The Centers for Disease Control and Prevention (CDC) released a new report, Preventing Adverse Childhood Experiences (ACEs): Leveraging the Best Available Evidence, last week. Research and studies have proven that ACEs is a critical public health issue. The report estimates the number of Americans that are affected by adverse childhood experiences and provides strategies for primary prevention of ACEs as well as addressing how to lessen harms when ACEs do occur. CDC confirms that childhood trauma is a public health issue and is preventable.

Findings indicated that nearly 60 percent of Americans experience at least one adverse experience during their childhood and 15.6 percent experienced four or more different types. Childhood trauma is directly correlated with a person’s health outcomes and can prevent many of the diseases and illnesses that people face like heart disease and depression.

Negative experiences include physical abuse, emotional abuse, sexual abuse, emotional neglect, physical neglect, domestic violence, substance abuse, having an incarcerated care provider, and mental illness within the home. Research demonstrates that the more of these experiences within childhood the more likely there are going to be negative results into adulthood including mental, behavioral and negative health outcomes with outcomes impacting on how a parent may act and interact with their own children.

ACEs have been linked to harmful outcomes in adulthood, including health issues like depression, anxiety, substance use and abuse, and poor physical health. A person who has four or more types of ACEs are at a higher risk of negative outcomes.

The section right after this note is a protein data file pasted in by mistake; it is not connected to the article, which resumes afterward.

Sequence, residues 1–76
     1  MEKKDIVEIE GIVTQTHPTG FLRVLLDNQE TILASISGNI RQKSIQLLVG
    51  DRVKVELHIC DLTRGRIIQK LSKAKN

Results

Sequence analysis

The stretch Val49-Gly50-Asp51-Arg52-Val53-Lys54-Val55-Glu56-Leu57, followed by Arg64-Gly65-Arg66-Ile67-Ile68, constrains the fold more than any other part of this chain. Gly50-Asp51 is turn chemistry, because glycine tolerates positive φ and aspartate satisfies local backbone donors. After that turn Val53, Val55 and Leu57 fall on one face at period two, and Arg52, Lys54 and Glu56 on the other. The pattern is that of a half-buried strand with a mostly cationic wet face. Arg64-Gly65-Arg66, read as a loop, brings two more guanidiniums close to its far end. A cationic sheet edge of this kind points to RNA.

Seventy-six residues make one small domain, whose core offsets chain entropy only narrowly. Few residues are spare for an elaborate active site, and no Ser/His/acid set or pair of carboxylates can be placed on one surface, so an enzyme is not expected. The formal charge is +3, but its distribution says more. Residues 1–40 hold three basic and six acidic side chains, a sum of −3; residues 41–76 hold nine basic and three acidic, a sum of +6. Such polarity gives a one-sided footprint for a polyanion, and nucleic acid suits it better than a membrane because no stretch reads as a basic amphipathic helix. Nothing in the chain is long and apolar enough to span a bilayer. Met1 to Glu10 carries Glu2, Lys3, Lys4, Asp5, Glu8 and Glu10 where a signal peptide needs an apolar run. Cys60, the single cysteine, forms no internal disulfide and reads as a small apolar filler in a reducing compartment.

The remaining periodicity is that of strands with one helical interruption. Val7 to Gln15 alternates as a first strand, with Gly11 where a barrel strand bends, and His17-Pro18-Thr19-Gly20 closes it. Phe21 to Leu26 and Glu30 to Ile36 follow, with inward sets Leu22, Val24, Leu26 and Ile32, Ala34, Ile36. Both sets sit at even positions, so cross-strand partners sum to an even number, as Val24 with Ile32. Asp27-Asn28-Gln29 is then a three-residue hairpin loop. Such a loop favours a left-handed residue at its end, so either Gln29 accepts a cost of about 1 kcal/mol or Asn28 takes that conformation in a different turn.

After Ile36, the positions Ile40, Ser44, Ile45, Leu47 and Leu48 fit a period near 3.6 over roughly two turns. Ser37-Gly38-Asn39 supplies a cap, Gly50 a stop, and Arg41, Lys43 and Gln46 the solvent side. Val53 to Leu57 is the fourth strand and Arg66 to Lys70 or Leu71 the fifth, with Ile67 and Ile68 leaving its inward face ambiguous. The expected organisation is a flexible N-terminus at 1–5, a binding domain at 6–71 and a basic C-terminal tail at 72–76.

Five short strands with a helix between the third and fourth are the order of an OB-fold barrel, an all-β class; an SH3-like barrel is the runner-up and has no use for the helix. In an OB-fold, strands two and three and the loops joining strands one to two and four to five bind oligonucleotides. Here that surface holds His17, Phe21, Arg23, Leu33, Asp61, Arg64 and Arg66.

CDC strategies that can prevent ACEs from happening or re-occurring are included in the Technical Package of six strategies:
1. Strengthen economic supports to families
2. Promote social norms that protect against violence and adversity
3. Ensure a strong start for children
4. Teach skills
5. Connect youth to caring adults and activities
6. Intervene to lessen immediate and long-term harms

ACEs is preventable and the strategies outlined in the CDC report confirms that strategies and several approaches are proven to be effective and is essential in helping children and adults thrive. The various approaches and programs that can be used as evidence to prevent ACEs include early childhood home visitation, mentoring programs, and family-centered treatment for substance use disorders have shown to support children and families.